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Release of toxic ammonia and volatile organic compounds by heated cannabis and their relation to tetrahydrocannabinol content
Studies have been carried out of the compounds generated from heated “street” cannabis in the commercial device known as the “Volcano” using the selected ion flow tube mass spectrometry (SIFT-MS) analytical method. Such vaporising devices are preferred for the delivery of the cannabis active ingredients for pain relief and therapeutic purposes since they remove from the smoke the harmful high molecular weight compounds such as tars and polycyclic aromatic hydrocarbons. Whilst it is known that smoking cannabis is associated with adverse health effects, little is known about risks of its inhalation of volatile compounds from vaporizers. In the present study, the concentrations of the volatile lower molecular weight compounds ammonia, methanol, acetic acid, methyl acetate, monoterpenes and sesquiterpenes present in the trapped air/vapour volume of the “Volcano” have been determined directly by SIFT-MS obviating sample collection/pre-concentration and delayed off-line analysis as used by most other analytical techniques. The concentrations of these compounds are compared to the tetrahydrocannabinol (THC; expected to be largely ?-9-THC) content of the cannabis plant material as assayed using standard extraction/derivatisation/GC-MS analysis. The observed high concentrations of ammonia were strongly correlated with the THC which is largely contained in the buds of the cannabis plant, whereas the identified volatile organic compounds were predominantly released by the leaves. Whilst the “Volcano” device removes some toxic compounds from the smoke and reduces their inhalation by its user, it likely leads to enhanced ingestion of toxic ammonia known to result in neurobehavioral impairment.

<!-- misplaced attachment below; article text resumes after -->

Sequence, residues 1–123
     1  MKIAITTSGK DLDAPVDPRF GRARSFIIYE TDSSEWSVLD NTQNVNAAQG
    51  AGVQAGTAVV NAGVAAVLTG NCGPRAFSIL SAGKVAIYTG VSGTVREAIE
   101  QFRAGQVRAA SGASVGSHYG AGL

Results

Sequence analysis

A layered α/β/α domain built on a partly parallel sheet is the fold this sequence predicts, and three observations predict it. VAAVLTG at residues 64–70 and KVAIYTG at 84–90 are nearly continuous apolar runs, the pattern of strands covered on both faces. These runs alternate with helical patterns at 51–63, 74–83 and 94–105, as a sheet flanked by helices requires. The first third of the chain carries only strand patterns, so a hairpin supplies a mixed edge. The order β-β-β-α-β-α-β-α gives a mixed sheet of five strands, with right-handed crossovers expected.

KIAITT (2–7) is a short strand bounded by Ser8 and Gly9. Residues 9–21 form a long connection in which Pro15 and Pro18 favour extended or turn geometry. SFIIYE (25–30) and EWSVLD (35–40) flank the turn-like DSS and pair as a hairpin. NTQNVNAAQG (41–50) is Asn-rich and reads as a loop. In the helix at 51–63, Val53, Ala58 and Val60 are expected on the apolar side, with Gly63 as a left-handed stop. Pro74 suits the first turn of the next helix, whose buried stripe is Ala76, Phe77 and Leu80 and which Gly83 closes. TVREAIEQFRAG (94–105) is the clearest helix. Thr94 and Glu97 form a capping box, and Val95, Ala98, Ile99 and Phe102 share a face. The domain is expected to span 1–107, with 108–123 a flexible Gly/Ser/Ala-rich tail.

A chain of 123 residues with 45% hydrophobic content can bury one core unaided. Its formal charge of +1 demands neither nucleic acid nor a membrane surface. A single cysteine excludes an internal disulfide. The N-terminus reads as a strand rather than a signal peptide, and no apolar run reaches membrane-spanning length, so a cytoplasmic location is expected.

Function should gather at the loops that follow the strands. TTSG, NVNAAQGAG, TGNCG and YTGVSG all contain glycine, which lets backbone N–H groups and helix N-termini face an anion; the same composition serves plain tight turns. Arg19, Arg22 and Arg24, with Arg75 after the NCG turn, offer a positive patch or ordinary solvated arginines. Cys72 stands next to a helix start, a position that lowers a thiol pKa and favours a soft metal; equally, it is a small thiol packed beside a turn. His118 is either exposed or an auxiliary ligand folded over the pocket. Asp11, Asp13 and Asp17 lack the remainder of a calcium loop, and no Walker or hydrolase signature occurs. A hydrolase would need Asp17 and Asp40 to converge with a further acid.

|Apr 23, 2015
|Apr 24, 2015
|Royal Society of Chemistry
|4104 - 4110